• Huh, the tyres are full quality 3C models, which means I won't need to upgrade them
  • The wheels were ready for tubeless from the off, just needed the valves and the gunk
  • Wonder whether the hubs will be any good
  • Huh, the wheels have the RockShox torque caps to provide a greater surface area between the hub and fork
  • Saddle looks junk


Fork width and clearance are size-able

My very first ride impressions

  • Yup, the saddle is junk
  • Grips are harsh
  • Tyres make wicked noises
  • This feels like it rolls as well as my Niner
  • Roots and bumps are simply absorbed
  • It's much more comfortable than my Niner
  • I'm impressed with acceleration and speed of direction changes
  • Ha! It's super easy to wheelie (not that I can that well)
  • I didn't notice the weight particularly
  • The dropper is dead smooth and I much prefer the lever over my Thomson on the Niner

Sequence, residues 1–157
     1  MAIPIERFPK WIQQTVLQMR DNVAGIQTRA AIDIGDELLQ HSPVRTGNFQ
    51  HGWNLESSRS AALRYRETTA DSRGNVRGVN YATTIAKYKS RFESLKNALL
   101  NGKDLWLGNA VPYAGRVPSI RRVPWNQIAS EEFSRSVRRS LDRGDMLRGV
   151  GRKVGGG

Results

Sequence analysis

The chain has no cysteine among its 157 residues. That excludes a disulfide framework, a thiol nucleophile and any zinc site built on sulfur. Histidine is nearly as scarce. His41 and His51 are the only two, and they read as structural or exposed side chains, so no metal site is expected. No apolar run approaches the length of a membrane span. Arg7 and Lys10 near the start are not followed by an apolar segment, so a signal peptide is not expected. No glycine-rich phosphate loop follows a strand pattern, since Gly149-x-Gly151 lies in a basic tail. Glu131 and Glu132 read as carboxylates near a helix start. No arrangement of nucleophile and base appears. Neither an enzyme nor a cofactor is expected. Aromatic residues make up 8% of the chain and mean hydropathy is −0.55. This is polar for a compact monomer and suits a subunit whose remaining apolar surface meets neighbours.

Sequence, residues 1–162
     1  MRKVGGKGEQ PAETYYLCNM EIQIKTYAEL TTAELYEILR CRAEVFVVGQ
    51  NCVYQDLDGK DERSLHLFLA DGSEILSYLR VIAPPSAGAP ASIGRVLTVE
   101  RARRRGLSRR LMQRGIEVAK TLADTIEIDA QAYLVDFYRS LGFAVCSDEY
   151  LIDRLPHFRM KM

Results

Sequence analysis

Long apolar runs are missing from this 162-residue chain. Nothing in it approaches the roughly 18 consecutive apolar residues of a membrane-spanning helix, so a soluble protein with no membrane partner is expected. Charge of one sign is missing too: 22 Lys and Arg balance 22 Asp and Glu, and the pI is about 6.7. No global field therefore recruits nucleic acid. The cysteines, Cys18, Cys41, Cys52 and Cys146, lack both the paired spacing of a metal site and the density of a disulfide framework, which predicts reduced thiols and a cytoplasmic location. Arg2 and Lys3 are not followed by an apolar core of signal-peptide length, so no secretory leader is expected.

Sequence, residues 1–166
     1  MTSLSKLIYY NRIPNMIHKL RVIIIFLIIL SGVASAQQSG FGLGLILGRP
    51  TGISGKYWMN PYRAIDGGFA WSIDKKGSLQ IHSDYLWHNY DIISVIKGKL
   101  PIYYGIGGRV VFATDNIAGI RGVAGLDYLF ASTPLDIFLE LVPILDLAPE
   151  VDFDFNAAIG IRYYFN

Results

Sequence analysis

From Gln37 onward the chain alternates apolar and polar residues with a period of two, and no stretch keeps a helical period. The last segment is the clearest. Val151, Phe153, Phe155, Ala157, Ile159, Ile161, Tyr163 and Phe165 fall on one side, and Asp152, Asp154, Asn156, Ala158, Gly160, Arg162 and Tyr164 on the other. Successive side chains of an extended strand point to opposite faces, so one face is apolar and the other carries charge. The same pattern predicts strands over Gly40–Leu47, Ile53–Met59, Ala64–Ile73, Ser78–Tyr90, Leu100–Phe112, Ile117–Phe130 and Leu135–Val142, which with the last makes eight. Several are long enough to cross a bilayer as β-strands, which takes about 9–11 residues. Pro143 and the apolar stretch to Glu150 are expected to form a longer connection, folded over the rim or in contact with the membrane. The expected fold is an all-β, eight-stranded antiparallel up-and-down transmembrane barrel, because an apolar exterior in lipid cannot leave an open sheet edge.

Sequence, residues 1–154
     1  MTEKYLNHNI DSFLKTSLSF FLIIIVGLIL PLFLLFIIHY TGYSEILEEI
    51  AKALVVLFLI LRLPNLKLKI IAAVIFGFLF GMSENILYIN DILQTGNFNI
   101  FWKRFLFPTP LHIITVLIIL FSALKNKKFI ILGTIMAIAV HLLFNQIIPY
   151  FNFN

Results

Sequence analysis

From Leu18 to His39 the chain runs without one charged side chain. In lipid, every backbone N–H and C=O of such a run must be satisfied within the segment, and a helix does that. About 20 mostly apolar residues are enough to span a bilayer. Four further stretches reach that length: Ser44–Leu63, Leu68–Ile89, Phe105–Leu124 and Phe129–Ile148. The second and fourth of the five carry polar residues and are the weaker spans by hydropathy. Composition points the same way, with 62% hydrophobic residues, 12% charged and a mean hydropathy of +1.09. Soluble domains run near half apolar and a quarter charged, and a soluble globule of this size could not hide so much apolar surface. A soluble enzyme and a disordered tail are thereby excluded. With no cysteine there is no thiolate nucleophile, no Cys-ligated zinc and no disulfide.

• Gears are perfect - didn't have to think about them once
  • Brakes were surprisingly good and were silent
  • Tyres skidded a few times on wet and rock, but picked up traction again quickly
  • Never once felt out of control

Amazing cable management

Immediate changes and upgrades

  • I changed the saddle to a more comfortable WTB Volt
  • I swapped out the grips for some ODI numbers
  • I converted the wheels to tubeless using 35 mm Stan's valves and 100ml of Stan's sealant
    • Noticeably saved weight on the bike - the tubes are MASSIVE
    • Pro Tip: I needed to use a Schwalbe air canister to inflate the wheels (110 PSI did the trick)
  • Helicopter taped the frame in key areas (prefer some damage to the frame for character)
  • I put the stem at the bottom of the stack of spacers

List of next changes and upgrades

Neat looking, flex for comfort, but isn't
compatible with my butt

  • I'd like a lower stack height headset in time and to cut the steerer tube down - never like the idea of something sticking out the top of the front of the bike